When it comes to the digital prospectus, the proofing process is fairly simple for most Schools and Departments: digital communications sends an email containing webpage content in a standardised template; the School then edits the content and emails it back to us. Continue reading “Working with digicomms: a case study”
On 29 May 2017, the digital communications team sent out content for the 2018 undergraduate course webpages to all Schools for review. Schools have until 7 July 2017 to return any amendments before the pages go live.
We sent the content in Word documents (noting any changes from the 2017 course pages) and have asked Schools to use Track Changes to make any amendments or add comments and queries. We also made sure to update the pages as much as possible based on the 2018 print prospectus, with the aim being to reduce the amount of duplicating editing work required by Schools.
Previously, I wrote about our plan for creating the 2018 undergraduate course pages. We have completed steps 1-5 on this plan by:
- compiling a list of the programmes running in 2018
- creating acceptance criteria for each course page
- creating Word documents of all the 2018 pages
- meeting with Schools which still need to approve course content
- sending all Word documents to Schools.
For step 4, we have already met with the School of Medicine who are currently editing and providing additional content for the undergraduate Medicine course pages. We are also currently in the process of building draft pages for the Computer Science and Physics pages; once these are created, we will arrange meetings with the Schools of Computer Science and Physics and Astronomy to demonstrate these pages, make any amendments as required, and get sign-off for 2018.
One of the most notable differences between the 2017 and 2018 pages is the addition of new information based on the Higher Education Funding Council for England’s (HEFCE) guide to providing information to prospectus undergraduate students. We have marked where this new information appears on the Word documents for each course page. New information includes:
- course start and end dates
- language requirements
- a link to more information about alternative entry routes
- timetable information
- how many additional subjects students can take
- the University’s flexible modular degree system
- independent learning
- teachers, tutors and staff
- academic support available
- disabilities support available
- grade scale system
- feedback on assessments.
Now that the undergraduate course pages have been sent out to Schools for amendments, we will begin building the pages in the new version of our content management system, T4v8. As Schools return their edits, we will make the necessary changes to the course pages.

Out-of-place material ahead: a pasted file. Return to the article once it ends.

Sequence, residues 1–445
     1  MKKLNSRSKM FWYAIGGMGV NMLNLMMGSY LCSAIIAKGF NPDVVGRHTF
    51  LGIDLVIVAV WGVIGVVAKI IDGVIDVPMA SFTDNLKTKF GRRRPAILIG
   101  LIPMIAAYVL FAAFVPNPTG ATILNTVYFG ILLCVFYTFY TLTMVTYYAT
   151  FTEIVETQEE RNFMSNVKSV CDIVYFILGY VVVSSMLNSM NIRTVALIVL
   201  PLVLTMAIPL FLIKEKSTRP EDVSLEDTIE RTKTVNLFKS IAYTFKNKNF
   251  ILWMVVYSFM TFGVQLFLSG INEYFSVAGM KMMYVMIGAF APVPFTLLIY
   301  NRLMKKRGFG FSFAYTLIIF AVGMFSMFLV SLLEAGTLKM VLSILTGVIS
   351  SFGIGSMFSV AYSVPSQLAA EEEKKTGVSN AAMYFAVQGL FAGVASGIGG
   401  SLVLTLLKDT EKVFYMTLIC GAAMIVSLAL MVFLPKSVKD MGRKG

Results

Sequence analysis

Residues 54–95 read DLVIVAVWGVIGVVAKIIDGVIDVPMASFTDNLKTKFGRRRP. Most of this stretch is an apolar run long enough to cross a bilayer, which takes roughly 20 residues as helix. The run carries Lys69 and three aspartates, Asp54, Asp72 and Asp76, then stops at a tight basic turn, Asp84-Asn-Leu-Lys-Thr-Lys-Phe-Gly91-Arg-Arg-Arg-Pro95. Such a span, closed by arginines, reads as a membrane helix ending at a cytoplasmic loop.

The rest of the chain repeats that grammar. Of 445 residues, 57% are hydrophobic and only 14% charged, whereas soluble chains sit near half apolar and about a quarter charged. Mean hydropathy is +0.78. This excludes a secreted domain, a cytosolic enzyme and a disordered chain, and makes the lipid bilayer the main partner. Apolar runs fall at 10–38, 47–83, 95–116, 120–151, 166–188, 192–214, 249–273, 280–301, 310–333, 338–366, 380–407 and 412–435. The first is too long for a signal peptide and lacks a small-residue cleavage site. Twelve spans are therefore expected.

After the 7 July deadline, we will conduct a final check on all of the pages to fix any typos, broken links or other errors. We aim to launch all of the undergraduate 2018 course pages by the end of July, at which time we will archive the 2017 pages.
If you have any questions or concerns, please contact the team at firstname.lastname@example.org.
With the 2017-entry undergraduate course webpages only just completed, the thought of creating 2018-entry pages may make you cringe, bare your teeth, or just run away in horror. But don’t worry! The content team has developed a solid plan for creating and publishing the 2018 pages which aims to minimise the amount of work required from content coordinators. Continue reading “The plan for 2018-entry undergraduate course pages”
The digital communications team has officially launched a programme of training sessions known as the digital visa. The digital visa will provide essential training in digital communications topics to anyone who works on the University’s website or with the digital communications team.
The visa enables staff to feel competent and confident working on digital communications projects, and provides new skills in a range of digital areas.
Participants who sign up and complete the five compulsory training sessions from the digital visa will become trusted digital advocates, and will be one of the first points of contact between their department and the digital communications team.
We’ve been working on building the digital visa for a while (see our original plan for the visa). Now, we have finalised the following five compulsory sessions:
- Digital communications at St Andrews
Introduces you to the digital communications team at St Andrews and the support we provide for staff at the University.
- Digital pattern library
Allows you to correctly use patterns from the digital pattern library (DPL) in a content management system.
- Social media: the basics
Allows you to confidently develop a basic social media strategy.
- Google Analytics
Trains each participant to measure the performance of their website and understand their users’ behaviour by creating a dashboard in Google Analytics.
- Writing for the web
Allows you to identify and implement user needs in web writing and design.
These sessions can be taken in any order, and they will run regularly throughout the year. To sign up for the digital visa programme, please email Jennifer Hamrick (me), digital trainer, at email@example.com. Those signed up will receive emails alerting them to when the next training session will run.